The Housing Chronicles Blog: Credit crunch increasingly impacting homebuilders

Monday, April 21, 2008

Credit crunch increasingly impacting homebuilders

Not surprisingly, loans for builders to purchase land or fund land development and home construction is also being impacted by the general credit crunch. From a story in the Nation's Building News:

The mortgage credit crunch has spilled over into land acquisition, land development and home construction (AD&C) lending, increasing the challenges faced by builders in the current housing downturn, NAHB told the Congress last week...

Residential AD&C loans are used to purchase land; develop lots; build a project’s infrastructure such as streets, curbs, sidewalks, lighting, and sewer and utility connections; and construct homes.

Presently, funding for viable residential development and construction projects has been severely limited or blocked entirely at federally insured depository institutions, which are the sole source of housing production credit for the small businesses that comprise most of the home building industry, Mitchell told lawmakers.

“The current financing quagmire for home builders vividly illustrates the importance of developing additional sources of AD&C credit,” said Mitchell. “Furthermore, there is no secondary market for residential AD&C loans where community banks and thrifts could turn to help manage their balance sheets and obtain liquidity for additional lending.”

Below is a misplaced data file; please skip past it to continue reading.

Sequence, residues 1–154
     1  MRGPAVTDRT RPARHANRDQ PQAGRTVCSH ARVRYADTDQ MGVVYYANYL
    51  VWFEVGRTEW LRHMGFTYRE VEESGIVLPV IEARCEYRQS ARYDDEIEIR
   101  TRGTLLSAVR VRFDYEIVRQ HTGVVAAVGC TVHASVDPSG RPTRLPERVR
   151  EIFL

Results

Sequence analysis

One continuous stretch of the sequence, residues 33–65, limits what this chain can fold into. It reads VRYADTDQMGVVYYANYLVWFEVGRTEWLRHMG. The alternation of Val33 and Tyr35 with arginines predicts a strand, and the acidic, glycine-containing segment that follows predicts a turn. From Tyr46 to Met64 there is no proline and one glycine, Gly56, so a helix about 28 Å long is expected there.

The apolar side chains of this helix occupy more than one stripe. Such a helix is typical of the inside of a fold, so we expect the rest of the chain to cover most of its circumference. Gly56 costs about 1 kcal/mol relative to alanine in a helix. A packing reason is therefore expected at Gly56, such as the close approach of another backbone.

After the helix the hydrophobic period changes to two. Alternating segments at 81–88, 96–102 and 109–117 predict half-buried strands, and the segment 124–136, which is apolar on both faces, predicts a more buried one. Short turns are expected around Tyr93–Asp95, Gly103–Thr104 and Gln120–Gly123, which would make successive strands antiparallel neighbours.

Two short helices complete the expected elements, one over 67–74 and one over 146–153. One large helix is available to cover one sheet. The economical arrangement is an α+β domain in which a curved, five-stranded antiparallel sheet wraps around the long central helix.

He noted that a viable secondary market for AD&C loans would directly benefit builders and lenders by transferring risk away from lenders; increasing the availability of funds so that projects could be more reliably completed; and mitigating the devastating impact of equity calls on builders, or transfers of partially completed projects to banks under capital and/or regulatory pressure.

To broaden sources of AD&C credit, Mitchell called for:

  • Fannie Mae to ramp up activity in its AD&C loan purchase program and for Freddie Mac to create a similar program.

  • Federal Home Loan Banks to improve AD&C liquidity by accepting housing production loans as collateral for the secured advances they make to member institutions.

  • The Federal Housing Administration to help increase competition in the AD&C market by insuring the construction portion of these loans in order to attract new originators such as mortgage banking companies. “As in the case of the end-loan mortgage market, FHA could be a crucial stabilizing force in AD&C lending in turbulent times such as these,” said Mitchell.

  • Wall Street specialists to develop a prototype private security instrument for AD&C loans. In particular, changes to tax provisions relating to Real Estate Mortgage Investment Conduits and Taxable Mortgage Pools could be helpful in securitizing construction loans.

  • Banking regulators to take a balanced approach when evaluating bank lending, especially in regard to AD&C loans. “Small businesses, including small builders, are vital to the economy, and arbitrary or unreasonable regulatory restrictions would only serve to harm many builders, and potentially, many banks,” said Mitchell. “It would be ironic and tragic to have the positive work of the Fed undone by bank regulators taking a totally different vision and approach when it comes to lending matters.”

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